Did I mention that, other than setting up technology I’m also not great at buying technology? I can make some purchases on my own, but when they start to make up words to describe the features of their technology, I feel lost. So when I went TV shopping, Kenny volunteered to tag along again. After some deliberation, he decided that an Oled TV would probaby be the best choice.

With a refreshed setup, I was ready to tackle the Series X era. I still felt that the Xbox platform was “lacking”, but was looking at the horizon. Hehe. Horizon. November 2021 promised to be the start of the Xbox “revival” of sorts, because that was the launch month of two first party games: Forza Horizon 5 and Halo Infinite.

The trailers for the games made it clear that these games would hit differently, with true next gen graphics combined with the gameplay that I already loved. I got excited for a Horizon game again, and was cautiously optimistic for Halo Infinite. But thinking “Please don’t suck” is a good thing, because it meant that Xbox games were worth caring about again. Which has been a long while during the drought where exclusives seemed to be a thing from the past.

And behind the cabinet floor, you’ll find… The Xbox One X Project Scorpio

Gaming is now fun again, and I am now conciously making time for it, for the simple reason that it makes me happy. I’m staying away from social media, and Gamepass proviedes tons of entertainment and new classics like Halo Infinite and Forza Horizon 5 while I wait for a new Fable game.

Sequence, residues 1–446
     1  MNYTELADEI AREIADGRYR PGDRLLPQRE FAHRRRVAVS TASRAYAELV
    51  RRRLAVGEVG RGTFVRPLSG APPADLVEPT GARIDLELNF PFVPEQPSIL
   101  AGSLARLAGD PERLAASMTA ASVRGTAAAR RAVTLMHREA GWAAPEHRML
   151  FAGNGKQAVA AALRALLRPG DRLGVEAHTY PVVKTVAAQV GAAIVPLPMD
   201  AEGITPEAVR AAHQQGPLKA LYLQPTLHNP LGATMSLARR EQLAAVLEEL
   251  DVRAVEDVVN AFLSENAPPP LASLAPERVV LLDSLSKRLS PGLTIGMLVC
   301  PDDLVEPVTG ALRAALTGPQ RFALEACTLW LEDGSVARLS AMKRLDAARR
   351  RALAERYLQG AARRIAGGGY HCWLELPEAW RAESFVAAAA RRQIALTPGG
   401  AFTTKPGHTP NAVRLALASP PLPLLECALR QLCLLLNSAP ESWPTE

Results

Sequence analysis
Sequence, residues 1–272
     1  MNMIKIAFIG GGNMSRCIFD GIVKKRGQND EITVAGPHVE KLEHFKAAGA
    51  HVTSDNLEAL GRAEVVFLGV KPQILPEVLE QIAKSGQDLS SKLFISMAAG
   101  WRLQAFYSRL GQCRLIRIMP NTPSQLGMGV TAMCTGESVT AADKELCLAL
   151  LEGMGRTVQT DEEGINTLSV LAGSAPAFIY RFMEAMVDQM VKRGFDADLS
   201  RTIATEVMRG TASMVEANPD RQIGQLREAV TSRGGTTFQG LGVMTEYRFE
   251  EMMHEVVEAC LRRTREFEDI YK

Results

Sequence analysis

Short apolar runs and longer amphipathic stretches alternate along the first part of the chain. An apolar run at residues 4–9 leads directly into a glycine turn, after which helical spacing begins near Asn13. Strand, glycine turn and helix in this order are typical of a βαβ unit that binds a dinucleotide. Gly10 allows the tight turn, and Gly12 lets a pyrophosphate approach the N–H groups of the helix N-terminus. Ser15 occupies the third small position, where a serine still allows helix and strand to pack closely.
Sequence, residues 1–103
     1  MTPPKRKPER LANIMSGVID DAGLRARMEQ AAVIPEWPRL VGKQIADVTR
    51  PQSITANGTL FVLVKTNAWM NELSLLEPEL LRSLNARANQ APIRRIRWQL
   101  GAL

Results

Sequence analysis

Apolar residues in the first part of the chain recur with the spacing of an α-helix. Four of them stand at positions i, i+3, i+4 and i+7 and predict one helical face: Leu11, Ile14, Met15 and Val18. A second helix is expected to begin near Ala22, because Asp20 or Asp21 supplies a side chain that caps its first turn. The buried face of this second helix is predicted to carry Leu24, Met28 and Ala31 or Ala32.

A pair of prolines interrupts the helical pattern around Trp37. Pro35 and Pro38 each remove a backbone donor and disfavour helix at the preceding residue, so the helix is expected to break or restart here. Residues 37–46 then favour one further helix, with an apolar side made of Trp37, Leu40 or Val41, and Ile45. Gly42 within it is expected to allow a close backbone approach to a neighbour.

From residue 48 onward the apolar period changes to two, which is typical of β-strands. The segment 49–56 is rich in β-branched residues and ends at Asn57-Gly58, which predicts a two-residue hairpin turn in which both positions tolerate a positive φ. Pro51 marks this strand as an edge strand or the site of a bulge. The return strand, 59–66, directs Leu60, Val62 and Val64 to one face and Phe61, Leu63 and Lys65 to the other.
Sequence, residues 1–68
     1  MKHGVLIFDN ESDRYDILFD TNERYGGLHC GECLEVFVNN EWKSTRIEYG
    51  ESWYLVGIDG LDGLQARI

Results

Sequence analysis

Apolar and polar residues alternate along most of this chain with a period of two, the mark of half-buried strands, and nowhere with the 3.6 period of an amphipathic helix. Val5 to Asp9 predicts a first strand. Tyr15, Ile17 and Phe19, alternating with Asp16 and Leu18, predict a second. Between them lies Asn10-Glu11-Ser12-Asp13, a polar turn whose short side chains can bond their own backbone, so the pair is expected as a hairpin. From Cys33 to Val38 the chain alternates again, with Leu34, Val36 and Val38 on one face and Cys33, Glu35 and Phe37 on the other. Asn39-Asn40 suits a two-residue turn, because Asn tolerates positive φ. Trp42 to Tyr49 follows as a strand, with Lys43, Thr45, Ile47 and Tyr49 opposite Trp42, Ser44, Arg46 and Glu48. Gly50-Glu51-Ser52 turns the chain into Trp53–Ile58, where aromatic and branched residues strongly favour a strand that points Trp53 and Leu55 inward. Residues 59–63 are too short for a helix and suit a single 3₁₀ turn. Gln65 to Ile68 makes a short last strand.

I’m also feeling an urge to create gaming content again. I’m aware I missed the train years ago, and that streaming is the new “written review”. I doubt you’ll see me do that because talking and gaming at the same time aren’t something I excel at, but maybe I can do something with videos? That’s something I’ve gotten excited about as well, which I combined with some tech topics – including the CMS I no longer cover – so that could be something fun. Or maybe I can finally learn how to program and create Pixel Boy 3000(TM), the platform game where you can buy thousands of skins for just €1.

Either way, I think there’s a big chance I’m going full circle soon. So, uhm… Xbox, if you have an extra copy of Halo Infinite that you don’t need anymore, hit me up.

Steven “Torettox84” logging off.